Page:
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VRX stock has crashed 82% in the last six months, and Valeant is giving shareholders another headache today (Monday).
It was revealed this morning that Valeant Pharmaceuticals International Inc. (NYSE: VRX) increased the price of one of its drugs by 100%, and the Valeant stock price is down over 8% in intraday trading.
We've been pointing out Valeant's problems for the last year – in fact, we've made a 700% profit from them — and we think the company's woes will continue. But before we get to that, here's the news that's plaguing VRX stock today…
In August 2015, Valeant purchased female libido drugmaker Sprout Pharmaceuticals Inc. for $1 billion. Before the acquisition, Sprout was selling its female libido pill, Addyi, for $350 to $400 for 30 tablets. After the purchase, Valeant raised the price to $800 to $850 for 30 tablets. That was a 112% increase.
As part of the merger agreement, Valeant also stated it would spend $200 million for marketing, research, and development for 2016 and half of 2017.
But Sprout shareholders believe Valeant isn't holding up its end of the bargain…
In a letter sent to Valeant on March 14, Sprout shareholders requested materials showing the drugmaker can fulfill its obligations moving forward. According to Bloomberg Business, the shareholders are also seeking assurance that Valeant will keep a sales force of 150 to distribute the drug.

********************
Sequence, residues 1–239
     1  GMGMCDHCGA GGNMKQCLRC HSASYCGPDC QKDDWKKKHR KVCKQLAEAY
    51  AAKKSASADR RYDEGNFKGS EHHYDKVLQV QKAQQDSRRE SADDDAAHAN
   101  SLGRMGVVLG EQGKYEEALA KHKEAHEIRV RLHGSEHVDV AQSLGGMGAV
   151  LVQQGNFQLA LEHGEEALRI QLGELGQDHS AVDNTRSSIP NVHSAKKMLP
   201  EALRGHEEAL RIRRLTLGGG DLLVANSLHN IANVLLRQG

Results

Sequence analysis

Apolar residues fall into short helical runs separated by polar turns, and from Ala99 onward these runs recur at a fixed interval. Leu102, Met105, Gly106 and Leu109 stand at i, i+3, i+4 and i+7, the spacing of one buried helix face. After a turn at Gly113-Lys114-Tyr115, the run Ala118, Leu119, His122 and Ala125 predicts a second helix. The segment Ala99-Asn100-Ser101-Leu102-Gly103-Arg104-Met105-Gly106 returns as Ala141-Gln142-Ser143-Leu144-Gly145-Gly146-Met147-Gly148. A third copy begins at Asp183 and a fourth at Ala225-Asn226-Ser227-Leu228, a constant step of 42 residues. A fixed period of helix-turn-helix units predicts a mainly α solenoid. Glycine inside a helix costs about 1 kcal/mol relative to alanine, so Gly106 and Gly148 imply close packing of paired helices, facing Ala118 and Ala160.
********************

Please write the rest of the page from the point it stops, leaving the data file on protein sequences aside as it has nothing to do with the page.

Why the VRX Stock Price Has Further to Fall in 2016
Money Morning Global Credit Strategist Michael Lewitt called Valeant Pharmaceuticals the poster child for putting profits before principle.
On Oct. 15, Lewitt released a report where he stated Valeant represents everything wrong with the markets. Lewitt warned that Valeant's debt and risky business model were a recipe for disaster. He recommended our readers buy $50 puts (selling a stock at a specific price on a specific date) for March 18 on Oct. 30, which provided profits of 700%.
It's true that the drugmaker will replace J. Michael Pearson as CEO, but that doesn't mean Valeant is ready to change its predatory business philosophy anytime soon…
You see, Valeant's business model simply isn't sustainable. Valeant purchases companies through large chunks of junk bonds, fires the majority of the employees to cut costs, and then raises the prices of the drugs it acquired (just like it did with Sprout and Addyi).
In fact, Valeant purchased Salix Pharmaceuticals in April 2015 and raised a diabetes drug made by Salix from $896 to $10,000.
Sprout shareholders' concerns over Valeant not spending enough on marketing, research, and development should also sound alarm bells for investors. Valeant is known for only spending 3% of its money from sales on research and development, while most drug companies spend 15% to 20%, according to Lewitt.
And that's not the only red flag for VRX stock…
Valeant had to announce at the end of February that its top-selling drug, Xifaxan, is facing competition from pharmaceutical giant Allergan Plc. (NYSE: AGN). Allergan sought permission from the U.S. Food and Drug Administration to sell a generic competitor to Xifaxan. The gastrointestinal drug had $975 million in sales in 2015, according to The Wall Street Journal.
If Allergan does receive permission to produce a competitor, that will be a huge loss in sales from just one product for Valeant.
It may appear that VRX stock is trading at a major discount, but Valeant is still a company that you want to stay as far away from as possible…
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